Compared to the statistics provided by each manufacturer, the cargo volume behind the first row of seats in the Quest measures some 41.6 cubic feet smaller than a 2011 Sienna and 40 cubic feet smaller than a 2011 Odyssey. Similarly, maximum cubes behind the second-row seats in the Quest fall short by 23.5 to the Sienna and 29.5 to the Odyssey. Where we discovered parity was room behind the third rows, which varied by between 3.3 and 4 cubic feet. Another difference is that the cargo well in the Quest is always accessible (never filled with a third-row seat) and has a carpeted cover.
Still Has Plenty of Motor
Recently released figures from Nissan showed that the initial output numbers of the 2011 Nissan Quest's 3.5-liter V6 were preliminarily low. Just this week, we learned that the official output is now 260 horsepower at 6,000 rpm and 240 pound-feet of torque at 4,400 rpm, both competitive.
Nissan reckons the EPA will validate its own 18 city/24 highway mpg estimates. When we asked if an 8-second run to 60 mph was a fair estimate based on our quick drive in a Quest SL, a Nissan representative said, "Sure, that's about right."
These fuel consumption and performance estimates are comparable to the competition and that's without the benefit of cylinder deactivation as in the Odyssey, or a six-speed transmission as in the Sienna. And we wouldn't be surprised if the Quest's track performances fell between a 266-hp Sienna with its non-defeat traction/stability control and a nanny-free 248-hp Odyssey.
We've had good things to say about Nissan's use of a continuously variable transmission (CVT) paired to a V6 in the Altima, but were a little suspect of how a heavier minivan would fare with a belt-and-pulley transmission.
We're happy to report, just fine unless you live at the bottom of "Hill Street." The logic and execution of its CVT is actually better than the traditional stepped gear-driven transmission in either the Odyssey or Sienna, six-speed or not. We only caught it once on its heels when we pointed the Quest up a very, very steep hill that probably would have challenged any minivan.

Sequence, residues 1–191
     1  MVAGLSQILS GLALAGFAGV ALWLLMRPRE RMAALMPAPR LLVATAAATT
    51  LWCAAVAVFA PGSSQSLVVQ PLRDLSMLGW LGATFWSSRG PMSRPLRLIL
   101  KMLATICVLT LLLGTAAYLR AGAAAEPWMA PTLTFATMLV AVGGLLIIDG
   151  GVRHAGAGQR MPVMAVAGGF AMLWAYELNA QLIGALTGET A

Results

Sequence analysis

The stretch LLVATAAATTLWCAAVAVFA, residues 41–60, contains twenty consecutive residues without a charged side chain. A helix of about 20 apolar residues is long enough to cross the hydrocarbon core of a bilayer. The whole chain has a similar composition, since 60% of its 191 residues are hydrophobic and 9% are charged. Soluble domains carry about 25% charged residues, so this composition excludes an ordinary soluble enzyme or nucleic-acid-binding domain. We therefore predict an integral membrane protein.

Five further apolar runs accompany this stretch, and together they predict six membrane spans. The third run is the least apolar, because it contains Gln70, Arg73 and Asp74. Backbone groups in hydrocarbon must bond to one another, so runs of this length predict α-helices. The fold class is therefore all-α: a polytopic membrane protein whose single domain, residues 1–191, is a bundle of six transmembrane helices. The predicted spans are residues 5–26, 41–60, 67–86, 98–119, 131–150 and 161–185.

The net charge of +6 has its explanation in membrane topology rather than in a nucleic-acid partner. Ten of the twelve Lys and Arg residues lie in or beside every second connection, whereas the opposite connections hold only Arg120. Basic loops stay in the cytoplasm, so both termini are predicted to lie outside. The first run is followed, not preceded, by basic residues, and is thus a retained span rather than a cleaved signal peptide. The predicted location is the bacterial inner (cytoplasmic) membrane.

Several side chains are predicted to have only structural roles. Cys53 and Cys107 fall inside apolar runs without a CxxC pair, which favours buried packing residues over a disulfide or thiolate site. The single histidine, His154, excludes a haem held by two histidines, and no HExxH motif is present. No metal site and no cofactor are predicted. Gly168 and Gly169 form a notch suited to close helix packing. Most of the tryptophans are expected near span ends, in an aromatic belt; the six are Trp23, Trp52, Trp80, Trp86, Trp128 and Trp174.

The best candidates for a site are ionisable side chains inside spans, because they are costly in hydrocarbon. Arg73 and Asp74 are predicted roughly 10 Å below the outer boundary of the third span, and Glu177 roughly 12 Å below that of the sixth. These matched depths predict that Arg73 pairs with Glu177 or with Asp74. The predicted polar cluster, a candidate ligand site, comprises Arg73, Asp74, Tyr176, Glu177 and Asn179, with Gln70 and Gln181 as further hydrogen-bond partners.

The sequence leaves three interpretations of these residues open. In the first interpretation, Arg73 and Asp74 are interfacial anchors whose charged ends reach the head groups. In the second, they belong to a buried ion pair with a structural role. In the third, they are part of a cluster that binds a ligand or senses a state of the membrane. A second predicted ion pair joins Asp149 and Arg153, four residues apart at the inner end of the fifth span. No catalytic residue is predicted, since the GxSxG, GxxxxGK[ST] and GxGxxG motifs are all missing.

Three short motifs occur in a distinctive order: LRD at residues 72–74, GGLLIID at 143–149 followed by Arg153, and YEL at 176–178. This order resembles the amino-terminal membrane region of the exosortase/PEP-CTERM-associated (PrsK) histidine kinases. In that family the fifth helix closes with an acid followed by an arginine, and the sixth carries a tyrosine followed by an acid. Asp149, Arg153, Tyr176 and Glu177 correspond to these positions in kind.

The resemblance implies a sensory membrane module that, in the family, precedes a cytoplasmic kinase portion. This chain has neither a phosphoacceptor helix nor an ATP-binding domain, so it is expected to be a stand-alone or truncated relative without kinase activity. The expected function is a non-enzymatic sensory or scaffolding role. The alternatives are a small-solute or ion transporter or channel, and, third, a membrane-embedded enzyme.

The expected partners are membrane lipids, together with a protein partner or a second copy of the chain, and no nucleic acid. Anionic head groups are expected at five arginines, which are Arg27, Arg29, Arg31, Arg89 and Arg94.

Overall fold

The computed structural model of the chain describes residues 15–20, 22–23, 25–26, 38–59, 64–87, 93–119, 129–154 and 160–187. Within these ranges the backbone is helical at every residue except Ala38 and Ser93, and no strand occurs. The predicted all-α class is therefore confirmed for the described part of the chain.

Handles Well for a Box
The steering system in the 2011 Nissan Quest is neither pure electric- nor hydraulic-assist. Rather than a parasitic mechanical pulley, an efficient electric motor drives the hydraulic pump for power assist. The benefit is friction-free but largely natural-feeling steering that isn't artificially weighted, artificially light, but precise and confident. Again, the Quest manages to find a sweet spot between the Odyssey's obviously hydraulic steering and the Sienna's equally obvious electric steering.
Suspension hardware and tuning in the 2011 Nissan Quest are traditional, with MacPherson struts up front and cleverly packaged multilink in the rear — no twist-beam or multi-valve shocks. Together, the Quest provides a well-damped and never-floaty ride on every surface we could find. Unlike the Sienna, our Quest SL settled quickly after hitting road imperfections. At the same time, we noticed how quiet the cabin remained throughout our drive.
The Minivan Nissan Needed
There was a time when minivan sales were over a million units a year. In order to stand out, Nissan tried to use styling as its trump card. It didn't work.
Today, minivans are selling at about half the rate they did at their peak, so getting it right is more important now than ever. With the 2011 Nissan Quest, the carmaker seems to have come up with a rational and competitive package rather than a risky one.
In the end, if families act equally rational, and resist the temptation of less useful three-row crossovers, they will find the 2011 Nissan Quest a solid contender compared with the segment leaders like the Honda Odyssey and Toyota Sienna. It will take some additional seat time to see if it's actually better than its rivals, but at least it won't be battling its own styling this time around. And that might be enough to make the difference.
Edmunds attended a manufacturer-sponsored event, to which selected members of the press were invited, to facilitate this report.